DARCY, Hon. Conyers (1622-92), of Hornby Castle, Yorks.
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Family and Education
bap. 3 Mar. 1622, 3rd but 1st surv. s. of Conyers, later 5th Baron Darcy, by Grace, da. and h. of Thomas Rokeby of Skiers. educ. Univ. Coll. Oxf. 1637; G. Inn 1640. m. (1) 14 May 1645, Lady Catherine Fane (bur. 30 Aug. 1649), da. of Francis Fane†, 1st Earl of Westmorland, s.p.; (2) 6 Feb. 1650, Lady Frances Howard (d. 9 Apr. 1670), da. of Thomas Howard†, 1st Earl of Berkshire, 3s. 3da.; (3) 19 May 1672, Lady Frances Seymour (bur. 5 Jan. 1681), da. of William Seymour, 2nd Duke of Somerset, wid. of Richard, 2nd Visct. Molyneux, and of Thomas Wriothesley, 4th Earl of Southampton, s.p.; (4) 8 Jan. 1685, Elizabeth, da. and coh. of John Frescheville, 1st Baron Frescheville of Staveley, wid. of Philip Warwick of Frognal, Chislehurst, Kent, s.p. summ. to Lords in fa.’s barony as Lord Conyers 1 Nov. 1680; suc. fa. as 2nd Earl of Holdernesse 14 June 1689.1
Commr. for northern assoc. Yorks. (W. Riding) 1645; j.p. (N. Riding), 1646-9, 1661-Feb. 1688, Nov. 1688-d., (W. Riding) 1647-9, 1671-Sept. 1688, Nov. 1688-?d.; commr. for assessment (N. Riding) Aug. 1660-80, (W. Riding) 1661-80; col. of militia ft. (N. Riding) by 1661-81; dep. lt. (N. Riding) 1661-Feb. 1688, (W. Riding) 1677-81; commr. for loyal and indigent officers, Yorks. 1662, corporations 1662-3; constable, Middleham Castle 1671-d.; bailiff, Richmond liberty 1672-d.; commr. for recusants (W. and E. Ridings) 1675.2
Capt. indep. tp. 1667.
Darcy could trace his descent from a Domesday tenant-in-chief with substantial holdings in Lincolnshire. A later member of the family, with the not inappropriate Christian name of Norman, represented that county in three Parliaments of Edward III, and two medieval baronies were created by writs of summons to the Upper House. In 1641 one of them was called out of abeyance, together with the barony of Conyers which was claimed in the female line, for Darcy’s grandfather. His father, a royalist commander in the Civil War, compounded on a fine of £2,992 for his delinquency, though the value of his estate was computed at over £4,000 p.a.3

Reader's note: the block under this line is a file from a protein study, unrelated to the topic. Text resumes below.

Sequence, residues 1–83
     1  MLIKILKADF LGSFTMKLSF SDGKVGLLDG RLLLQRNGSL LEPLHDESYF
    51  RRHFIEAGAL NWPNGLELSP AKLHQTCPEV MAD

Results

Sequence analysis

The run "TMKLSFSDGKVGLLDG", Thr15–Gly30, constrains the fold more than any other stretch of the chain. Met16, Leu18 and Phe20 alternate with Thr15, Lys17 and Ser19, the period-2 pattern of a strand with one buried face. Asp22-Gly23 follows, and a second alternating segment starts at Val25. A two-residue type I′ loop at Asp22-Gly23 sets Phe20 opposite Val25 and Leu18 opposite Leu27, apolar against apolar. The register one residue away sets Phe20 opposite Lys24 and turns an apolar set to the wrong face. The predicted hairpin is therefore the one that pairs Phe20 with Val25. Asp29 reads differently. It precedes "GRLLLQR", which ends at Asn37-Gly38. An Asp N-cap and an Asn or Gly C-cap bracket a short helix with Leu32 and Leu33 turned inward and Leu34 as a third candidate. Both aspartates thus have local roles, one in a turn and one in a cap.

Although Darcy himself was nominated in 1645 to the committee for the northern association, and to the commission of the peace in the following year, he is unlikely to have served. However, it may have been believed that this was sufficient to put him outside the scope of the Long Parliament ordinance against the candidature of Cavaliers and their sons, and at the general election of 1660 he was returned for Boroughbridge on the interest of his brother-in-law, (Sir) Henry Stapleton. His only possible committee in the Convention was the committee of elections and privileges. In the following year he was returned for the county. An inactive Member of the Cavalier Parliament, he was appointed to 32 committees at most, including the elections committee in six sessions. He was appointed by full name to 18 committees, including those to consider the bill of pains and penalties (4 July 1661) and to report on defects in the Corporations Act (6 Mar. 1663). Thereafter his career in the House is noteworthy only for his membership of successive election committees. In 1669 Sir Thomas Osborne included him among the Members to be gained for the Court by the Duke of Buckingham. His name was included on the working lists, but it was noted that he had been missing from an important debate. However, Sir Richard Wiseman listed him among the court supporters, and Shaftesbury classed him as ‘doubly vile’. According to A Seasonable Argument he had been ‘assisted by the Court in stealing the Lord Lexinton’s sister from her guardian for his son’ (John Darcy). He was on both lists of the court party in 1678, and petitioned for a cornetcy in the yeoman of the guard for his son Philip Darcy. Forwarding the petition to (Sir) Joseph Williamson, Osborne (now Lord Treasurer Danby) commented:
Besides his quality, you are enough witness of his constant and faithful serving of the crown; and since his Majesty has promised him a kindness, I know not how he can receive one more easy for the King to grant. If additional arguments be needed in his behalf, it is no ill one that he does not only serve the crown well but at his own expense.4
As one of the ‘unanimous club’, Darcy did not contest the elections of 1679, and when the second Exclusi